Partly Paradoxes, Part 2

Yesterday we examined the first five memes from a Cracked.com article called “20 Paradoxes Most Human Minds Can’t Wrap Themselves Around“.  These memes are not particularly Stupid or Bad, but three of them didn’t fit the definition of paradox.  I know the world won’t end because of this.  I just thought it would be fun and informative to look at each meme individually and discuss the ideas contained therein.  If you’ve come looking for the brain-meltingly heinous memes that are usually my stock-in-trade, I promise: there will be a fresh shipment next week.  Until then…

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Partly Paradoxes, Part 1

Back in May, the Cracked website produced a page called “20 Paradoxes Most Human Minds Can’t Wrap Themselves Around“.  As a subscriber of the Cracked YouTube channel, I am well aware of Cracked’s penchant for misleading clickbaity titles.  (Interestingly, the URL contains the string “insane-thought-experiments-thatll-blow-your-mind”, which is an entirely different concept.).  I knew going into the article that at least some of the examples they presented would not be true paradoxes, nor would they be particularly difficult to comprehend.  I was correct in my suspicion.  This week I thought I’d take a break from the depressingly never-ending slideshow of racist, sexist, privilege-soaked memes to examine a group of memes that stretch the meaning of the word paradox to its very breaking point.

We’ve looked at an alleged paradox before.  Since many people struggle with the definition of paradox, let’s consult our friends at dictionary.com before proceeding:

paradox [paruh-doks]

noun

  1. a statement or proposition that seems self-contradictory or absurd but in reality expresses a possible truth.
  2. a self-contradictory and false proposition.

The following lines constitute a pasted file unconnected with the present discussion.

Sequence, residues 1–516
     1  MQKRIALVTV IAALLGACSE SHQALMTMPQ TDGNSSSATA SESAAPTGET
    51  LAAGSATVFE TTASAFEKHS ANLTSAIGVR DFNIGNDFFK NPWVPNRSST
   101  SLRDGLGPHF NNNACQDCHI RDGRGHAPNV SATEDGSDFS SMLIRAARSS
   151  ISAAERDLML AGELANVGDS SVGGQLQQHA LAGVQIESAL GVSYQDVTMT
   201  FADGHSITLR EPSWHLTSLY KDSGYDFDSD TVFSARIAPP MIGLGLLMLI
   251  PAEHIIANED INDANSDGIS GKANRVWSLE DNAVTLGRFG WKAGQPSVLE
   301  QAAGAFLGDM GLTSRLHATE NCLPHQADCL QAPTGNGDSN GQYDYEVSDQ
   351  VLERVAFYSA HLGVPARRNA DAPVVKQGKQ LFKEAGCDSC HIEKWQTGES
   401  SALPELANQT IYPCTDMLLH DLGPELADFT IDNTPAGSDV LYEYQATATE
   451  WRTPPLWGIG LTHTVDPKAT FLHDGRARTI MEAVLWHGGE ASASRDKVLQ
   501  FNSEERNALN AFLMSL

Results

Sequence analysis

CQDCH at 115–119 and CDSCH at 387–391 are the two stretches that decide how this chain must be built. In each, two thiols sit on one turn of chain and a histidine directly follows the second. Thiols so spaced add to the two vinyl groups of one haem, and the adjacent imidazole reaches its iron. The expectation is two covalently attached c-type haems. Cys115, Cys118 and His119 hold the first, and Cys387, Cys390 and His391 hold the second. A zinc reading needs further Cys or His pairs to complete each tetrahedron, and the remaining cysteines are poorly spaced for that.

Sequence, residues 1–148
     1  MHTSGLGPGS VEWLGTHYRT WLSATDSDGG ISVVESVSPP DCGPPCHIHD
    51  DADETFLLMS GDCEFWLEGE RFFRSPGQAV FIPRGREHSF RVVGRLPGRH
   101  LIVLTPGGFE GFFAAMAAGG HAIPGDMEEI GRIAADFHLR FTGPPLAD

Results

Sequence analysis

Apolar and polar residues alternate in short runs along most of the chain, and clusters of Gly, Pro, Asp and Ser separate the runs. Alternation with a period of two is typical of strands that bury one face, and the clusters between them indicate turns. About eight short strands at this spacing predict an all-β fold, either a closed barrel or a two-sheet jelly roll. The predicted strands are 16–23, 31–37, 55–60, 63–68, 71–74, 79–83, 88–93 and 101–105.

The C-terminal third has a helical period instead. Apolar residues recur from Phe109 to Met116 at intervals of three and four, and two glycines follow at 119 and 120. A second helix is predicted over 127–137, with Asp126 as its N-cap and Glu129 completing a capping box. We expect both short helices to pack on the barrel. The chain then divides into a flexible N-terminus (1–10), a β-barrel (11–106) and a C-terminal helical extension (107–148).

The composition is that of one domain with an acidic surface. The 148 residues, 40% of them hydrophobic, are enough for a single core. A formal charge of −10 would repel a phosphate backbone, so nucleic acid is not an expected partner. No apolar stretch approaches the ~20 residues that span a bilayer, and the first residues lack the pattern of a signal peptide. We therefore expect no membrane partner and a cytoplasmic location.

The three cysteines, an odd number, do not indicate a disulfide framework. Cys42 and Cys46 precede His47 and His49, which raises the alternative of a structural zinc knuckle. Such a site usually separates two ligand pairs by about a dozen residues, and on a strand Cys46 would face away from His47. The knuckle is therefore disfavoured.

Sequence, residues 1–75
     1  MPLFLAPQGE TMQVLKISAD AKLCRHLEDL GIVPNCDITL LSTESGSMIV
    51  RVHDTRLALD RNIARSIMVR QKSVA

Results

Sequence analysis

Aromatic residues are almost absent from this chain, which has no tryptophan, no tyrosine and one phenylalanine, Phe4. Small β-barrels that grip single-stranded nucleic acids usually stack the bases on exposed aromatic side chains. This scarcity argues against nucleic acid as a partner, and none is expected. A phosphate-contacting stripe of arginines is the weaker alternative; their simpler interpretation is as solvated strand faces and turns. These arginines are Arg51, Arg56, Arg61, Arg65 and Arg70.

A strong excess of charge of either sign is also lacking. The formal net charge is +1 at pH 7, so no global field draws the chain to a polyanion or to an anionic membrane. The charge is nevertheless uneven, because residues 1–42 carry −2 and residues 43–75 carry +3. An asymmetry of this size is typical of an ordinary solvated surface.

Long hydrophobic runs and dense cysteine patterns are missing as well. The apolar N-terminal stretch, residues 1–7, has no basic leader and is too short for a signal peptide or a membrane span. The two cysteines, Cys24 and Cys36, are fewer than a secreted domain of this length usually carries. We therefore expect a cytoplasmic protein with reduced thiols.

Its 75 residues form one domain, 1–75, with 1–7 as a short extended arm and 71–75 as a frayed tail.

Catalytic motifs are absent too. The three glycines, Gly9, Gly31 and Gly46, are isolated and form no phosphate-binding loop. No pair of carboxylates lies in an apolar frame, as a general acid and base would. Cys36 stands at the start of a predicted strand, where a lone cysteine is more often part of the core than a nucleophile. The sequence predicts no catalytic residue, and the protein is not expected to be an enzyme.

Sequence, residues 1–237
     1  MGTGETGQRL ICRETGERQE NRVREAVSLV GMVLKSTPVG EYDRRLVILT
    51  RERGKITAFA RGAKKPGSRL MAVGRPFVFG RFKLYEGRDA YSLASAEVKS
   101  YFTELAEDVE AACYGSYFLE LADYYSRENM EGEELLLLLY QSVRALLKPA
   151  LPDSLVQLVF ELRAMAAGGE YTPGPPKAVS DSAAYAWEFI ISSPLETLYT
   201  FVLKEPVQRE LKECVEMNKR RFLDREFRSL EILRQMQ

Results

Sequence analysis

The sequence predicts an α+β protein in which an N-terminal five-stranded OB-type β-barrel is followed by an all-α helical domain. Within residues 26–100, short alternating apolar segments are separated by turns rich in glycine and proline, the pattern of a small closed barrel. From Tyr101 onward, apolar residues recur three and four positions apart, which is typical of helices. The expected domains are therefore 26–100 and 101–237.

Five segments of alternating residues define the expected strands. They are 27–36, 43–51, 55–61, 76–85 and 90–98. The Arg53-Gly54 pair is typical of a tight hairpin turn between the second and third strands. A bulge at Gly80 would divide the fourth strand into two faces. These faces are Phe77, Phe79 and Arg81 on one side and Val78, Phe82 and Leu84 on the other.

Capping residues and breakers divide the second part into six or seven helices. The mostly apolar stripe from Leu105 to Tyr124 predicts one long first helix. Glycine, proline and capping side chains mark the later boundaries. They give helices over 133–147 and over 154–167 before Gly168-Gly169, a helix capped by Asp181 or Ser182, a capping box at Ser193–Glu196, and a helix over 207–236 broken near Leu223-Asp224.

3. any person, thing, or situation exhibiting an apparently contradictory nature.
  4. an opinion or statement contrary to commonly accepted opinion.

Consider the Twin Paradox.  In the Twin Paradox, one half of a pair of twins sets off from Earth in a spaceship traveling very close to the speed of light.  Einstein’s Theory of Special Relativity says that if you travel very close to the speed of light, a stationary observer will see your clock running more slowly than his own clock.  Hence, the Earthbound twin, who is stationary for all intents and purposes, witnesses his twin aging slower than he is.  When the traveling twin returns, he ought to be younger than the twin he left behind.

But Relativity also tells us that there is no preferred inertial reference frame; i.e. the traveling twin may reasonably view himself as being stationary while Earth speeds away and then returns to him.  From the traveling twin’s reference frame, the Earthbound twin’s clock is running more slowly, so the traveling twin might expect to return to find that his Earthbound brother has aged less than he has.  If both inertial reference frames are equal, then both twins ought to be correct – a contradictory answer.

Many paradoxes can be resolved with a deeper understanding.  The resolution of the Twin Paradox comes from within Special Relativity.  Since the traveling twin’s reference frame changes between the outward and homeward legs of his trip, it is he that ages less than his twin.  The traveling twin returns to find that his brother (and everybody else on Earth) has experienced more time during his absence than he did.

A paradox need not be unsolveable, or even unsolved, to be called a paradox.  But it must lead simultaneously to two contradictory outcomes, even if the contradiction disappears with further study.  Without further ado, then, let’s see how Cracked’s list of paradox-bearing memes measures up.

(To be fair, some of the memes do depict actual paradoxes, and when they do, I’ll say so.)

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